HTTP request response headers

Swapnil Gourshete | August 20, 2019 | 3 Minute Read

At the end browser talks in the language of HTTP request. But we really know minimal about it.

The request process flow is as simple as browser sends http request to the server and receives a response. Sometimes what we see is a combined result of responses from multiple requests.

To summarize every image, text or anything seen on browser is a response received to an http request.

Let’s see what a request and response headers of http request consists of.

HTTP request headers can be broadly divided into 3 parts -

  1. General
  2. Response Headers
  3. Request Headers


General


Sample HTTP request format
"GET /blog HTTP/1.1"

Let’s divide it into sections and see what each one means

  • Method

GET is a method used in http request which indicates type of work expected from request. There are methods like POST, DELETE, PUT, PATCH.

  • Path

It tells at what url should server look for. e.g. https://gryffindor.in/

  • Version

HTTP protocol version as 1.1 or 2.0

  • Status Code

It is a 3 digit code that represents response from server. Like
Status Code: 304


Response Headers


Sample HTTP request format "GET /blog HTTP/1.1"

Let’s divide it into sections and see what each one means

  • date

All http requests use Greenwich Standard Time(GMT) or UTC. Here is common format -
‘Date: Fri, 23 Aug 2019 10:17:27 GMT’
reference - RFC

  • status

It is a 3 digit code that represents response from server. Like
Status Code: 304

  • expires

Tell the date when cookie will expire.

  • last-modified

Tells date and time when origin of content was last modified.

  • server

Tells the web server used to process this http request.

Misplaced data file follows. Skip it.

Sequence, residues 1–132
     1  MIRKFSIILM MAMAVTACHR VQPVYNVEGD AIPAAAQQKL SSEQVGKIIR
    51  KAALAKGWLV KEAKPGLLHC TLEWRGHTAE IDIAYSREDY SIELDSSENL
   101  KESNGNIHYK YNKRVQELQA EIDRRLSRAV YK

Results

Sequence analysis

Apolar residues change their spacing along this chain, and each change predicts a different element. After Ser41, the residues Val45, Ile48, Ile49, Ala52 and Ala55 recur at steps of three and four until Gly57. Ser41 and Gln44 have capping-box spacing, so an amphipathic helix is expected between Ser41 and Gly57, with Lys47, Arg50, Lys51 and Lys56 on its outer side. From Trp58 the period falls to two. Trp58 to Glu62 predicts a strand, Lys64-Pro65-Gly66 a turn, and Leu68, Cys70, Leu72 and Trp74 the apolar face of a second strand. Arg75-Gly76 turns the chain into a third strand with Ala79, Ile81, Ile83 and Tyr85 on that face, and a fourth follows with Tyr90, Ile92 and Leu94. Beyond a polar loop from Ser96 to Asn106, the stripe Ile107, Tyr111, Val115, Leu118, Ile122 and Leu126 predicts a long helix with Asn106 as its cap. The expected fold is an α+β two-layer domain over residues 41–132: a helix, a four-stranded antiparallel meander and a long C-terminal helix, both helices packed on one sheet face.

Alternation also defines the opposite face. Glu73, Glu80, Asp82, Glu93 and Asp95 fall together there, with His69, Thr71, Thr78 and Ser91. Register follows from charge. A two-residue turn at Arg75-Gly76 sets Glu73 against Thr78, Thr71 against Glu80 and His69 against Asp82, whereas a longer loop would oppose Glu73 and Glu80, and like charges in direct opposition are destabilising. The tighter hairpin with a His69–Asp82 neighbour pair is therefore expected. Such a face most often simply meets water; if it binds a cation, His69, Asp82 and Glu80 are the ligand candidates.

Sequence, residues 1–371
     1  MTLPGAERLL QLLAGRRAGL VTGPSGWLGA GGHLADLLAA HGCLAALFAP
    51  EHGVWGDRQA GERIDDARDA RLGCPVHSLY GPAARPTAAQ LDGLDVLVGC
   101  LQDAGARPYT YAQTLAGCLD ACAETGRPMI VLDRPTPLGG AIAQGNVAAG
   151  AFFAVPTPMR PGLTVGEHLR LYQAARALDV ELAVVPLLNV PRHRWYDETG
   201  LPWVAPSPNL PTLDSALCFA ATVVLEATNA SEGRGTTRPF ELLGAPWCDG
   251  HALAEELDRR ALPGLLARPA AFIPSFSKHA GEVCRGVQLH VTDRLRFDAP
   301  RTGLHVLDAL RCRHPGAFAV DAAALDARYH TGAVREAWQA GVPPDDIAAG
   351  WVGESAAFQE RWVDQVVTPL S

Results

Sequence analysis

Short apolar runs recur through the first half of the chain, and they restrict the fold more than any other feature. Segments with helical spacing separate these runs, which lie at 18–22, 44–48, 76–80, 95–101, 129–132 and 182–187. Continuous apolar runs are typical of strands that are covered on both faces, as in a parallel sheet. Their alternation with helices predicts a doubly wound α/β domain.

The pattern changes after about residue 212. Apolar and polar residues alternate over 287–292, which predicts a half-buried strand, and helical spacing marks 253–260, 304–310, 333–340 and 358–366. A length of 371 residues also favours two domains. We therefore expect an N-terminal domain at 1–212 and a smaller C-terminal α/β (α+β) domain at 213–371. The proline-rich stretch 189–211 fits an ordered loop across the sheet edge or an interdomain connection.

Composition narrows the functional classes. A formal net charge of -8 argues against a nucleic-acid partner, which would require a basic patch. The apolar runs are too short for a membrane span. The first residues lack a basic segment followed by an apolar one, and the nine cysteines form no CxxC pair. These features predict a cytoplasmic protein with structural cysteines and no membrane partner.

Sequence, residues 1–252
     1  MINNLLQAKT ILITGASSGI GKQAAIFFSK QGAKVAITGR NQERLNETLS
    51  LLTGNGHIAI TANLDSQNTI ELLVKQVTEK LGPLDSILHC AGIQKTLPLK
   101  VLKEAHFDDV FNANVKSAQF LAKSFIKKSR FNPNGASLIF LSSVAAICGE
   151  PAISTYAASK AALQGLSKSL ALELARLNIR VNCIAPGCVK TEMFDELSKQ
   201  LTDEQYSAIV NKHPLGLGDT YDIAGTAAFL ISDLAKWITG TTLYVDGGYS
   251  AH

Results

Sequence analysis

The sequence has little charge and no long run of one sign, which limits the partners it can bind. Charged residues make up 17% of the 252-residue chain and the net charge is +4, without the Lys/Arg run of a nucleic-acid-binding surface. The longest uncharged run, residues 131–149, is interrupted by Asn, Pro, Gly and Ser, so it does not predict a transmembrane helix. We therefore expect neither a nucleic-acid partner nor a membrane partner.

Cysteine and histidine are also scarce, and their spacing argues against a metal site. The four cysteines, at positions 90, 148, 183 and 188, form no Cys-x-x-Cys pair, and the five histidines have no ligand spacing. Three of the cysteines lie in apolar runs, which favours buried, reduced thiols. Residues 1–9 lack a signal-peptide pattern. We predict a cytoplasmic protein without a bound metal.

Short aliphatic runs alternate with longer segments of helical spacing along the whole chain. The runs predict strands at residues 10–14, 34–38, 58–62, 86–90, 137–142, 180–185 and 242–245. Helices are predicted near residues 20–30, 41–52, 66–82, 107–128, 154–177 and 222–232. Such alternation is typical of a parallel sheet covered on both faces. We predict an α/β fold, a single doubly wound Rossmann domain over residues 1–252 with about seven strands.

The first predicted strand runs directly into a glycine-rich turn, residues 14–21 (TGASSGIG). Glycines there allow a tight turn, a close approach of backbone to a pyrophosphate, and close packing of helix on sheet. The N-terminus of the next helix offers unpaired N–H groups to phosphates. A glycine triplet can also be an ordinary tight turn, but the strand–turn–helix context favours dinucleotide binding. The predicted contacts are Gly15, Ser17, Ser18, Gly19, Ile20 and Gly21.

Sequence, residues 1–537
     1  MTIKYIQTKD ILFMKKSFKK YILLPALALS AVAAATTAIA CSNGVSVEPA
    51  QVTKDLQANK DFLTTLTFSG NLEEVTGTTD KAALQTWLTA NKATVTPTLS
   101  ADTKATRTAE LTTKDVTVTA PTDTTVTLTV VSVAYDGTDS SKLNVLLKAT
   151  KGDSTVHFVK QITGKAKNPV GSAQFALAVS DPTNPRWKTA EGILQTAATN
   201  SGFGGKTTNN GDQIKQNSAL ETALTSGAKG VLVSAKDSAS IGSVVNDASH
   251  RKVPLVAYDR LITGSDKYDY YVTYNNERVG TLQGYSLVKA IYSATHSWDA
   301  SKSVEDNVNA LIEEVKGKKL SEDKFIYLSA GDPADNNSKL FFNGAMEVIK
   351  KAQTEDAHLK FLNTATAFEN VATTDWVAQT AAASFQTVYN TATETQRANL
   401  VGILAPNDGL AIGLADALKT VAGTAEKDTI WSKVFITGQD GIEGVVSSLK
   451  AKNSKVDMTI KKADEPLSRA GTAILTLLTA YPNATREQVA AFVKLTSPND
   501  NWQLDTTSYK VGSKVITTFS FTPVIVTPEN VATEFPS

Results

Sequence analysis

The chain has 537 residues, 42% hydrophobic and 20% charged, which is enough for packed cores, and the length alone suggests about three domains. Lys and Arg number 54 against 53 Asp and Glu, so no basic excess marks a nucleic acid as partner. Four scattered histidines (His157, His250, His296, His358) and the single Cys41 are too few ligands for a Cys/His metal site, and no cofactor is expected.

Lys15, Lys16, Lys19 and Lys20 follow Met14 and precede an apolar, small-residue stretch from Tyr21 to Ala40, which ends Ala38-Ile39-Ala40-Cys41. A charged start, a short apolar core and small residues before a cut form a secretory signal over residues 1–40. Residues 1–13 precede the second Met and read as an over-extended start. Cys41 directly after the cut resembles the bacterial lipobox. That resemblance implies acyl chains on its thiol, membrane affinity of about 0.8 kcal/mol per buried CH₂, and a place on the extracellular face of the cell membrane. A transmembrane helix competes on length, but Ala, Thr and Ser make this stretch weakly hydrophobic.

• cache-control
    Used to indicate various flags in cache control mechanism. Like
    1. max-age - to indicate client accepts cached data whose age is not greater than value in seconds).
    2. public - server can use any cache to store data
    3. no-cache - cache must not use data for subsequent request without re-validation.
    4. no-store - server can not use cache the request or response.
    5. must-revalidate - revalidate stale data before using



Request Headers


Sample HTTP request format "GET /blog HTTP/1.1"

Let’s divide it into sections and see what each one means

  • Accept

Tells about response formats that client can accept. e.g.
text/html, application/json, application/xml, text/css, image/*, */*

  • Referer

Allows client to specify from which URI this http request is generated/ requested. Like
Referer: https://buff.ly/
It is of great help for analytics.

  • User agent

Indicates which browser the request is sent from. like
user-agent: Mozilla/5.0 (Macintosh; Intel Mac OS X 10_12_6) AppleWebKit/537.36 (KHTML, like Gecko) Chrome/75.0.3770.100 Safari/537.36

  • Cache-control
    Used to indicate various flags in cache control mechanism. Like
    1. max-age - to indicate client accepts cached data whose age is not greater than value in seconds).
    2. public - server can use any cache to store data
    3. no-cache - cache must not use data for subsequent request without re-validation.
    4. no-store - server can not use cache the request or response.
    5. must-revalidate - revalidate stale data before using